OGDEN — A Roy-based attorney had his license to practice law suspended by an Ogden judge in December after a number of complaints were filed against him in past years, according to court records.
Paul Remy, who was licensed to practice law in Utah and Idaho, was disbarred for three years after a judge ruled that Remy had violated state rules for lawyers multiple times since 2011. The findings in the case were entered into court records on Dec. 19, 2018.
Court documents illustrate six cases where Remy, who has been licensed with the Utah State Bar since 2003, reportedly failed his clients. The complaint against Remy outlines a number of rules he broke while being paid by his clients, including failing to timely file court documents, failing to respond to his clients’ concerns, and collecting fees for meets he did not attend, among other complaints.
In one case, Remy represented a woman in a guardianship matter in 2014 and paid him as a retainer for his services. In January 2015, the court notified Remy that the case would be dismissed unless he filed a response. Remy filed a motion to extend the deadline, however, he did not file any response to the original motion. The case was later dismissed due to inactivity, and he failed to notify the woman that her case was dismissed.
Remy later claimed that he was relying on a paralegal to work on the woman’s case, but later learned the paralegal had not done the work.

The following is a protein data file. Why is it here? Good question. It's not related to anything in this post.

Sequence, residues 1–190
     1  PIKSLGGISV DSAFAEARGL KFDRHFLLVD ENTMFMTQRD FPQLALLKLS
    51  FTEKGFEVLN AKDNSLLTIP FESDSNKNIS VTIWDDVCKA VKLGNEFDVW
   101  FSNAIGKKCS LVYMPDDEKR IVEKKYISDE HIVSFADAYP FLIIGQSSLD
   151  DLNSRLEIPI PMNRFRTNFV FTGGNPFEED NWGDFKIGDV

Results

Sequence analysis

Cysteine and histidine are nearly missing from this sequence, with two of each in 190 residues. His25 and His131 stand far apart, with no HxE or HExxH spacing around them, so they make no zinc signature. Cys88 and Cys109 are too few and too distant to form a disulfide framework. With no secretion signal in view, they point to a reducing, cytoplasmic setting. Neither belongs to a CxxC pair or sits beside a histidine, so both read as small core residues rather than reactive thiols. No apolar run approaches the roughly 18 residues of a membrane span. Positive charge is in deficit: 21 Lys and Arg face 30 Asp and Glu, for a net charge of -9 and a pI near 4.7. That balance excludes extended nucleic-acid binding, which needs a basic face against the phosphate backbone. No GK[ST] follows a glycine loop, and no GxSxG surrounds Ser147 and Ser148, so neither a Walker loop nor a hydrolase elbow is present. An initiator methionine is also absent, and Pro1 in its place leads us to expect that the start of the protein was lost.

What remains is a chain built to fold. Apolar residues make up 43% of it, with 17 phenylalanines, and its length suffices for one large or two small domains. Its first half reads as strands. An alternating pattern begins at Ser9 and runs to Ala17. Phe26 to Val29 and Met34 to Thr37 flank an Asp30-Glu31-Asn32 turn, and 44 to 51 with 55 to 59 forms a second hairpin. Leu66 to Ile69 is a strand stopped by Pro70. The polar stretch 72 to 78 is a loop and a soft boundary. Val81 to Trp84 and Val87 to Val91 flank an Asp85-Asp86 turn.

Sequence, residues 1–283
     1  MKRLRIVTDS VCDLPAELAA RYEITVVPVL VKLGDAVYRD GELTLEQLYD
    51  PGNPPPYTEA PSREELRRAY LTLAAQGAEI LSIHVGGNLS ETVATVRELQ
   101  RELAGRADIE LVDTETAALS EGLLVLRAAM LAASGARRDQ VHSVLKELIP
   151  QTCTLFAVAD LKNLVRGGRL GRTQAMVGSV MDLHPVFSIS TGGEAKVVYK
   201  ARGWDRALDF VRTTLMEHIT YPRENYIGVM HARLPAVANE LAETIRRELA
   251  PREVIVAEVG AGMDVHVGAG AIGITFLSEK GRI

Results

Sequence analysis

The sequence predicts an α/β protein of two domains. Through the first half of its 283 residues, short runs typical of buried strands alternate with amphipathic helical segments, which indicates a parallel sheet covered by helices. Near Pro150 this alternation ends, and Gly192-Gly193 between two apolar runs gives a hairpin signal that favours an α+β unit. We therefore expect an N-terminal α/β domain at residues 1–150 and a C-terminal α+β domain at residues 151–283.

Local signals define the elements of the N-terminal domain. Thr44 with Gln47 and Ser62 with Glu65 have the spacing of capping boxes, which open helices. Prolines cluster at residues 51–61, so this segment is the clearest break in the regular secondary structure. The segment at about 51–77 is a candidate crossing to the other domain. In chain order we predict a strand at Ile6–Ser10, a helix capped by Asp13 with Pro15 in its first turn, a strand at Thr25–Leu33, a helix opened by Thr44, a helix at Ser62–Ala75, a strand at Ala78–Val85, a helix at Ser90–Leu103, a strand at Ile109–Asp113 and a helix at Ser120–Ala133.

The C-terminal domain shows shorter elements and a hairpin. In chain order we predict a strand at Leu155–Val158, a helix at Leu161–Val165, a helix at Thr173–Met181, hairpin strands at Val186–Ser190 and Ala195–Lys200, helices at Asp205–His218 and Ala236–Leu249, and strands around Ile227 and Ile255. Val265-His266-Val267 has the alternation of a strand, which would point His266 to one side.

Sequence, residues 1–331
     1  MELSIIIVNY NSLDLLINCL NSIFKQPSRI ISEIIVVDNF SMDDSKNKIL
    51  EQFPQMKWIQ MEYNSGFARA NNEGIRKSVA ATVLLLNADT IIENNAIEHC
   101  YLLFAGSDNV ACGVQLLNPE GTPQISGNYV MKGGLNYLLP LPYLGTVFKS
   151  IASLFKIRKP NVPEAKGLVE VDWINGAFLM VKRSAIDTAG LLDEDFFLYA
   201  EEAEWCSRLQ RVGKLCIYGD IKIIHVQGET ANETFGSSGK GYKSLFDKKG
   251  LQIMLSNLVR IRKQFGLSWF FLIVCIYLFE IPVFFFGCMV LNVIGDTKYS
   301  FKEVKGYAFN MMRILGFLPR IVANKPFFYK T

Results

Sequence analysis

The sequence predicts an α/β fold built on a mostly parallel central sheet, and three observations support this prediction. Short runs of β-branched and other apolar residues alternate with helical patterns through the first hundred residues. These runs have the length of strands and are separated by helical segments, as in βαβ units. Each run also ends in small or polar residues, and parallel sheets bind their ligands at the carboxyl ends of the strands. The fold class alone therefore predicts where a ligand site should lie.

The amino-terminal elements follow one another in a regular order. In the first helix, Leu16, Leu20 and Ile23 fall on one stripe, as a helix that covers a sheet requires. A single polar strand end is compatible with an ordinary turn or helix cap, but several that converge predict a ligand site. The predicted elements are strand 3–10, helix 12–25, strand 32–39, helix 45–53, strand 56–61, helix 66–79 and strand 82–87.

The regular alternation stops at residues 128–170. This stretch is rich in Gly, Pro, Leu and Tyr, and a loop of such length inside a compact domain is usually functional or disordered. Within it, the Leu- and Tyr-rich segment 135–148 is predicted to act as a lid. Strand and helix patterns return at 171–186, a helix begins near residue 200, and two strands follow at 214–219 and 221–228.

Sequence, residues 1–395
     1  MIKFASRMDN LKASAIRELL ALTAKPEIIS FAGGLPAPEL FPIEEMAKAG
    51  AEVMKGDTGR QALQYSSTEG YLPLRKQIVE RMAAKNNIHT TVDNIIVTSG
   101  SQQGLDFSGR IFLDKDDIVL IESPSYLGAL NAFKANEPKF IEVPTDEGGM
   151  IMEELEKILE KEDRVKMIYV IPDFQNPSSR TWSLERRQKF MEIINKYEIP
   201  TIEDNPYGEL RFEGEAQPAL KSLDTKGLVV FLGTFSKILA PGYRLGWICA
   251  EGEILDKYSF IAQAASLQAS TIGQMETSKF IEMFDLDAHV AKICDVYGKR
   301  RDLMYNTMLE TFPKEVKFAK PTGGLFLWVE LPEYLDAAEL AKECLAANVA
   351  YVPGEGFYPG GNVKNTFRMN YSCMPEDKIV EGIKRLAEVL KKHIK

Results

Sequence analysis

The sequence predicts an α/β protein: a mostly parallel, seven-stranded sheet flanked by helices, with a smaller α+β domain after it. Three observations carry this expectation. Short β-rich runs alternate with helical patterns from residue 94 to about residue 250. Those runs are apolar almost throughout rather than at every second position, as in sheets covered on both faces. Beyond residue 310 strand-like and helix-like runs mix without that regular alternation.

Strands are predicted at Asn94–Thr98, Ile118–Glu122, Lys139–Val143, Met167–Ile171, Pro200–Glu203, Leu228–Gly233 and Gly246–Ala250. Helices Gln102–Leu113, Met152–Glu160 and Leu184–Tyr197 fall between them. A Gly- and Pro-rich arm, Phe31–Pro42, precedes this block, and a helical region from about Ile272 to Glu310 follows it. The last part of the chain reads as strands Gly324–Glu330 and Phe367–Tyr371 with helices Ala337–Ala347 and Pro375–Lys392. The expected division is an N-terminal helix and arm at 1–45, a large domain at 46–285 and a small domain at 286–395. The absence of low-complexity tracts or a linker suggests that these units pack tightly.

In another case named in the report, a woman paid Remy to be on retainer for a bankruptcy matter in 2016. The two met for an initial consultation, but she did not hear back from Remy for over three months. She believed that Remy was still working on her case, but she was unable to meet with him and Remy did not return her phone calls in that time, the complaint says.
Remy’s assistant told the woman to stop by his office to sign some forms and release letters, and required that she pay hundreds for the office visit and forms. No bankruptcy forms were filed, and no work was done to stop creditor harassment, the woman said.
The office later charged her for an office visit that was cancelled. She requested a full refund from Remy’s office and only received part of the money back, the complaint says. By the time she contacted the state bar’s Office of Professional Conduct weeks later, Remy’s office had not sent the woman’s file back to her.
Two other cases would also culminate in complaints filed to the OPC. Those complaints would cause the office to send Remy NOICs, or a Notice of Informal Complaint, to which Remy was instructed to respond within a certain amount of time. In both of those cases, Remy failed to respond to the informal complaints, leading to a formal complaint being filed on Jan. 17, 2018.
During a Nov. 13, 2018 hearing to decide what Remy’s sanctions could be, he did not appear. Judge Mark DeCaria ruled at the hearing that Remy’s license be suspended for three years. A formal letter spelling out the details of Remy’s shortcomings as an attorney and his suspension was filed on Dec. 19, 2018.
Remy was also an accredited attorney in Idaho since 2001, but according to the Idaho State Bar, his license is currently inactive. A public reprimand was filed against Remy in 2017 by the Idaho State Bar, which reported that he took several-month gaps to respond to a civil suit on behalf of his client. The case was later dismissed due to inactivity. Remy told investigators that he relied on a paralegal to do the work in the case, and discovered after she was terminated that she had not done the work.
The public reprimand did not limit Remy’s ability to practice in Idaho, but as of January, his Idaho Bar status is listed as inactive.